Christmas in Brussels - ©www.milo-profi.be
Emma Thomson

Emma Thomson

  • Job: Freelance travel writer and author of Flanders: The Bradt Travel Guide
  • Favorite destination: Belgium
  • Likes:Travel writer, editor, broadcaster, photographer
Christmas is coming! Emma explores Flanders' famous Christmas markets.

November

I am unashamedly a huge fan of Christmas – a ‘xmasophile’, if you will. And nothing gets the festive mood kick started quicker than a visit to Flanders’ cozy Christmas markets – even the dourest of Scrooges can’t fail to raise a smile amid the feast of food and twinkly lights. I take family and friends every year.
I am unashamedly a huge fan of Christmas – a ‘xmasophile’, if you will. And nothing gets the festive mood kick started quicker than a visit to Flanders’ cozy Christmas markets – even the dourest of Scrooges can’t fail to raise a smile amid the feast of food and twinkly lights. I take family and friends every year.
To paraphrase the writer Henry James “All human life is here”: families flock along the cobblestones toward the wooden chalets bedecked in LED icicles and cotton wool ‘snow’; teenagers hold hands and canoodle on the big wheel; and dads hold their young ones tight as they take their first tentative, slippy steps on the open-air skating rink.
The frosty air pinches my nose and I wrap my scarf tighter around my face as we approach our first stall; lured by the wafts of warm, spicy air. I peer through the steam and see the vendor is selling cups of escargot (snail) soup. I hold up my index finger and hand over €2, taking the hot cup gingerly. I plunge the miniature plastic fork into the broth, spear a snail and pop it into my mouth. It’s chewy like a rubber band, but the briny broth is delicious and I take big sips.
We rejoin the humming crowd, moving past a magician who stands behind his stall pulling cards out of hats and ‘Ooos’ of wonder from the children gathered around.
I spy more steam ahead and wiggle my way through the cluster of customers. Two enormous pans filled with potatoes, cubes of bacon and bubbling cheese stand before me – the artery clogging, but oh-so-good tartiflette. I order a glass of chilled red wine to go with it; ‘to cut through the fat’, I assure myself!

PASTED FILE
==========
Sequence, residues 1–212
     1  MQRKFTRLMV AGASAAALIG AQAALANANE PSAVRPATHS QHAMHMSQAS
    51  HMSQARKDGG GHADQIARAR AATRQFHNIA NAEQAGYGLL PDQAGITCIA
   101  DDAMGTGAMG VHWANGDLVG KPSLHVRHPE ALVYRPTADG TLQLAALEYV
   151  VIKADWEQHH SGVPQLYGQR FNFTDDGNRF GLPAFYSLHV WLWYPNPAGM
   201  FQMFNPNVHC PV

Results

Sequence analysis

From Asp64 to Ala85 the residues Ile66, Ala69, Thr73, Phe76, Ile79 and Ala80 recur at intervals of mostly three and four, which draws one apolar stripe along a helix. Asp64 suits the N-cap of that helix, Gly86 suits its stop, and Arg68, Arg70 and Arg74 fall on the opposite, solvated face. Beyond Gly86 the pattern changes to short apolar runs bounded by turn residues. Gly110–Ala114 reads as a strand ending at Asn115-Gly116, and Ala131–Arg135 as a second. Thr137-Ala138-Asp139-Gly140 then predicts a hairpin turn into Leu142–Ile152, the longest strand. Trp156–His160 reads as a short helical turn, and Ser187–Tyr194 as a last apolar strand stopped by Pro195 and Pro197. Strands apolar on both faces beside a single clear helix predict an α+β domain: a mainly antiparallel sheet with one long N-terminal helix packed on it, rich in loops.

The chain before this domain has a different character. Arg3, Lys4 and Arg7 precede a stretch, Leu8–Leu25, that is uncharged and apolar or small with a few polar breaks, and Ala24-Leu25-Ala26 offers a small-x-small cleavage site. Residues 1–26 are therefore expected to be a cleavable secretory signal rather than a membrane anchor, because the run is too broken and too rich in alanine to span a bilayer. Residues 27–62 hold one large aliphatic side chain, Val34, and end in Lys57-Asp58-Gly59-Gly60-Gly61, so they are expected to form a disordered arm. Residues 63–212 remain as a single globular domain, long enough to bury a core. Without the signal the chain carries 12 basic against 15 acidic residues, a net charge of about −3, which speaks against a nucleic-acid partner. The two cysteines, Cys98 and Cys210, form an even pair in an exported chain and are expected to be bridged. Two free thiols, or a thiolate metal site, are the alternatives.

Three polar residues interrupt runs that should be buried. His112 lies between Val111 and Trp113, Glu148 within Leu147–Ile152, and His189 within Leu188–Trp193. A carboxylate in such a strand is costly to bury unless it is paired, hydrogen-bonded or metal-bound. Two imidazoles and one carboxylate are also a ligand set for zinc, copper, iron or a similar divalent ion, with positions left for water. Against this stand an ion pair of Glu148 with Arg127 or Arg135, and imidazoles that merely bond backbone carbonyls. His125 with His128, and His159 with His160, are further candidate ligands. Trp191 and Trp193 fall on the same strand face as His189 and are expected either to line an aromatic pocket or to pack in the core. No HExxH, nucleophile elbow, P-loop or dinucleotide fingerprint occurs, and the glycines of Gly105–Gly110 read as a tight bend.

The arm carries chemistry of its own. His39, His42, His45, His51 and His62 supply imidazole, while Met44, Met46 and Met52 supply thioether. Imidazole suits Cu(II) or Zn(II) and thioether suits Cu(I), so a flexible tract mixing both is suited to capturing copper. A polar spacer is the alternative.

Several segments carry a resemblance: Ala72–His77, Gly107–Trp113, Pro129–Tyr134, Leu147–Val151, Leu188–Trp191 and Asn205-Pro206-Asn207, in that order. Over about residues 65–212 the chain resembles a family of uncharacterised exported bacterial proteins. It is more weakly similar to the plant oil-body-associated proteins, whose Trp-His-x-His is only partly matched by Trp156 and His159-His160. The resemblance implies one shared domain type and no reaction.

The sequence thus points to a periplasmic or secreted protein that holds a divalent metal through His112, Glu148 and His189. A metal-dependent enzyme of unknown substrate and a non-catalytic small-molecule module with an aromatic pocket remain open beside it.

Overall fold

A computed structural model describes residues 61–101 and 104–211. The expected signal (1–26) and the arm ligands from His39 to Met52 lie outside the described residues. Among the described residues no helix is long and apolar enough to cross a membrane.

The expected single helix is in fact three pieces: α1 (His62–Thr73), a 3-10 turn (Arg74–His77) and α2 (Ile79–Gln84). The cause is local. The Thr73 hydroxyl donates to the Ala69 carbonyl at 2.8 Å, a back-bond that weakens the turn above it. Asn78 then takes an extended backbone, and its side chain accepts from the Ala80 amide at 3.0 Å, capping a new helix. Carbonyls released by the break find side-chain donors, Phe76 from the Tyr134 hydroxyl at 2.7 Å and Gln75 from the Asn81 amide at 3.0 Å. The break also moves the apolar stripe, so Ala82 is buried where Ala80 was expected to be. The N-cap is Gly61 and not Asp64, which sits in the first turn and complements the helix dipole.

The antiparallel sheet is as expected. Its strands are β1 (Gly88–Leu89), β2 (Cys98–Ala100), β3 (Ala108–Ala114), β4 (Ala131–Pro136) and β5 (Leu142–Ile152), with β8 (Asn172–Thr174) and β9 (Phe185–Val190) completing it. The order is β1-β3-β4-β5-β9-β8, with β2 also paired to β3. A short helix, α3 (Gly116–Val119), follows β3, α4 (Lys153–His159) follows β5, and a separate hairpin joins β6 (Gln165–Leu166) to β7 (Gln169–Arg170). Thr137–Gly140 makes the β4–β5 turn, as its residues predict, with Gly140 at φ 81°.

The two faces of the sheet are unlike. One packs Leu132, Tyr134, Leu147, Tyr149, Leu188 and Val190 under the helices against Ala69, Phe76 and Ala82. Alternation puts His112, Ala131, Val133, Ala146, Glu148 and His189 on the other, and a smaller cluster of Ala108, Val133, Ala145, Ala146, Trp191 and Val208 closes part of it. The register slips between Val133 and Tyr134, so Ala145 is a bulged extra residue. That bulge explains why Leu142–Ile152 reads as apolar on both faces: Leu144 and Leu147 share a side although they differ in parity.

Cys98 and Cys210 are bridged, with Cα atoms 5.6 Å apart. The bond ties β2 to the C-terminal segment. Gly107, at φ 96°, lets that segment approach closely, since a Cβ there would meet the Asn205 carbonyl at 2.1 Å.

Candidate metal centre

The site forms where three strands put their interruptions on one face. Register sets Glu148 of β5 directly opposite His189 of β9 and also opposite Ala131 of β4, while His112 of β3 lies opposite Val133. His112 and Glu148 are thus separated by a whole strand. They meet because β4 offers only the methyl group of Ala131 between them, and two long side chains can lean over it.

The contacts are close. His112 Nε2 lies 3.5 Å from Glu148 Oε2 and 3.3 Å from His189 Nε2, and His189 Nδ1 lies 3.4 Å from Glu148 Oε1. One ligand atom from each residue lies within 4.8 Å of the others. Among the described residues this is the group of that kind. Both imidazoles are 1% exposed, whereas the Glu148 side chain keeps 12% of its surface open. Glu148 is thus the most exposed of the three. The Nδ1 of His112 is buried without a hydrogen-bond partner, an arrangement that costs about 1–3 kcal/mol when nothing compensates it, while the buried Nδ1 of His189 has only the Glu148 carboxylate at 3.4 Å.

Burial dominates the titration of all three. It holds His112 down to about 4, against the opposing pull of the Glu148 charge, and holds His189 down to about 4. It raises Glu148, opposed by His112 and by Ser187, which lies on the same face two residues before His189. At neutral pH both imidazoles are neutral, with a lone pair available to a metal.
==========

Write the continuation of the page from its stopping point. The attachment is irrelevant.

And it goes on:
By now, I’m starting to feel full but a trip to the markets wouldn’t be complete without a cornet of oliebollen. ‘Tien, alstublieft’ I say to the vendor. She takes an ice-cream scoop and plops ten balls of fresh dough into the boiling oil, waits a few minutes and then scoops them into a paper cone and douses them with icing sugar. My boyfriend and I stick our forks into one eagerly, cursorily blow on it a few times and bite into it with glee. ‘Ooo, argh, hot!’ we both yelp.
Top lips covered in sugar, we walk on. Stopping off at chalets selling hand-knitted gloves and hats, wooden toys and jewelry, and I pause longingly in front of the artisanal loaves and huge rounds of cheese that emit a delightful pong.
The temperature creeps lower and we come to the sensible conclusion it’s time for a little tummy warmer. Up ahead, we find a glühwein and a jenever stall conveniently standing side by side. I buy a plastic cup of the spicy wine and my boyfriend a shot of the chocolate-flavoured gin. A gaggle of tipsy fathers, propped up at the impromptu bar tables set up in front of the stall, give a cheer as we join them. And that’s why I love Flanders’ Christmas markets: no matter how large the crowd, there’s still a sense of community spirit and it’s made all the merrier by scrumptious food and drink. Vrolijk Kerstfeest iedereen!

Info

The first Christmas market in Flanders starts on 22 November (Bruges). Christmas markets are held all over Flanders. Coming soon on our website: an overview of the Christmas markets and their opening times per city.
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